I was asked to submit films to a list based on the theme of “As good as or better than the book on which it was based”.
One of my submissions Alfie was correctly rejected as it began life not as a novel but a BBC radio play.
I should have known this as the writer Bill Naughton was a close friend of my parents and even a closer friend of my great uncle Gus one of the cleverest people I have met in my life.
Both Bill Naughton and Uncle Gus lived in Pimlico in the sixties.
In one year, I think it must have been 1967, Bill had critical, popular and financial success with Alfie and the play Spring and Port Wine which was put on by Bernard Miles at his Mermaid Theatre in Puddle Dock in the City.
The play later became – as did Alfie – a successful film starring James Mason, Adrienne Posta, Rodney Bewes and Susan George.
Bill decided to be a tax exile on the Isle of Man and he would never write anything like these two successes again though he had written several children stories.
There is an irony here as Alfie and Michael Caine reflected swinging London but Bill, though born in County Mayo, was very much a man of the North. He was a weaver, coal bagman and lorry driver in Bolton.
The North produced Keith Waterhouse from Rotherham, Willis Hall, Alan Sillitoe and Michael Parkinson, who mostly moved south.
Even one of the North’s most famous sons – John Lennon – had moved to Surrey by his twenties.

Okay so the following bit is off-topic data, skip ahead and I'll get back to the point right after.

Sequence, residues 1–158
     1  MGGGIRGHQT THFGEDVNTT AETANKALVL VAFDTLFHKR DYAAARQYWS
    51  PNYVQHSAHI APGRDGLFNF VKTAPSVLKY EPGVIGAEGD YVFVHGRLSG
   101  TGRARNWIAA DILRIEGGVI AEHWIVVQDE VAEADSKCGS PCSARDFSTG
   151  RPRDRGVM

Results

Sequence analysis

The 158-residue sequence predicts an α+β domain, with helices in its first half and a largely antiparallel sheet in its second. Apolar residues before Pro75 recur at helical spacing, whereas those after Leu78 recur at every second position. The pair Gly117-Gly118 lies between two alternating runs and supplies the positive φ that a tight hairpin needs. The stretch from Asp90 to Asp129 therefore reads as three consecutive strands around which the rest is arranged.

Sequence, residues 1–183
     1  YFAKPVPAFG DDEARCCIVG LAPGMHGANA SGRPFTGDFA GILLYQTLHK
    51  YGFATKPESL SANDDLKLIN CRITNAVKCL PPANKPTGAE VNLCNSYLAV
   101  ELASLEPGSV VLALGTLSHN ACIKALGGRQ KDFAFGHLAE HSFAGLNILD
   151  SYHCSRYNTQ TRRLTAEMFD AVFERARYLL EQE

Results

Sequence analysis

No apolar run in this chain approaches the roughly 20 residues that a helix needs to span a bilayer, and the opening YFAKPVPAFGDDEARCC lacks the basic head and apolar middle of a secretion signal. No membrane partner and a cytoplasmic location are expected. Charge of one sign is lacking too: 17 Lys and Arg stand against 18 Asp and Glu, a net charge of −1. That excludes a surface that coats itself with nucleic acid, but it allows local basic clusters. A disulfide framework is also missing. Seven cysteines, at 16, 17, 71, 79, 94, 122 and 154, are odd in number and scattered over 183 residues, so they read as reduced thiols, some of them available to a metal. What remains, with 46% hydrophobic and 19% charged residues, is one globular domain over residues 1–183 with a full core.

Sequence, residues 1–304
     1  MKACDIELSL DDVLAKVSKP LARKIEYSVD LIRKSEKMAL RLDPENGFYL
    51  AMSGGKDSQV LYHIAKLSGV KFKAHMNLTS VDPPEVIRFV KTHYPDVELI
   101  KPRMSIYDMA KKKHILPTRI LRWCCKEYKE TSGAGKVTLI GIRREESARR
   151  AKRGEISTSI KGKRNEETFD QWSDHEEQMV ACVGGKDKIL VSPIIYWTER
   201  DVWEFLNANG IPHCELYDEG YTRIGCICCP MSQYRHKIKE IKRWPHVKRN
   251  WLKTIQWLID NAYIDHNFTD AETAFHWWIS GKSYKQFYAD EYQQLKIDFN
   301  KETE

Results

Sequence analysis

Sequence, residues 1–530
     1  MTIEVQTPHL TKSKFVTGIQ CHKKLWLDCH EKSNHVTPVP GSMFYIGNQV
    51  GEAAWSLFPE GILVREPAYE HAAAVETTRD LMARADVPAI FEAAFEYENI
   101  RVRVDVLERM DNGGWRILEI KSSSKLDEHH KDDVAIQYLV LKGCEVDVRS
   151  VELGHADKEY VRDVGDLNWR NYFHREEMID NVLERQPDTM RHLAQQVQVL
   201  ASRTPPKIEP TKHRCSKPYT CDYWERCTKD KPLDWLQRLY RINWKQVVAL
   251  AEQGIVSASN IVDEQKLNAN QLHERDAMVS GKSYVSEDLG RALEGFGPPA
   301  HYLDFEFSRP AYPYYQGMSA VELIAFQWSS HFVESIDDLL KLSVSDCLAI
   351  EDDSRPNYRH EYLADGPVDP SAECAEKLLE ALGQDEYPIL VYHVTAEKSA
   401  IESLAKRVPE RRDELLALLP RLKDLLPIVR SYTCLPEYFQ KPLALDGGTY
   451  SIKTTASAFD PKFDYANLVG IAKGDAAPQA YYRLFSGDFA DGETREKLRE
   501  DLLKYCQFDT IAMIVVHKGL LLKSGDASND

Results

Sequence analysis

The problem for Bill was that there was not much to observe in the Isle of Man unless you are a motorbike fan and do not want to pay tax which, to be fair, was very exacting at that period. In his coat he would have a deep “poachers” pocket in which he carried a large pad in which he made observational notes. Alfie actually existed, my parents met him.
Bill, a kindly man, would attend my parents’ dinner parties and always slip me half a crown. He never had children of his own so, looking back, he may have related to me more than I realised.
Sadly, our exchange of letters never survived my moves.
Disappointed by his output after that golden period, he confessed to Uncle Gus that he wondered what sort of legacy he would leave.
Uncle Gus replied that that there would always be a bookshop – Gus had one on the big roundabout in Victoria near the Goring Hotel – which would stock his works.
One day I was passing an antiquarian bookshop in Brighton when I saw one of Bill’s children short stories outside in a rack.
I duly bought it and told the bookseller this story.
Sadly, he was keener to make the sale then hear it.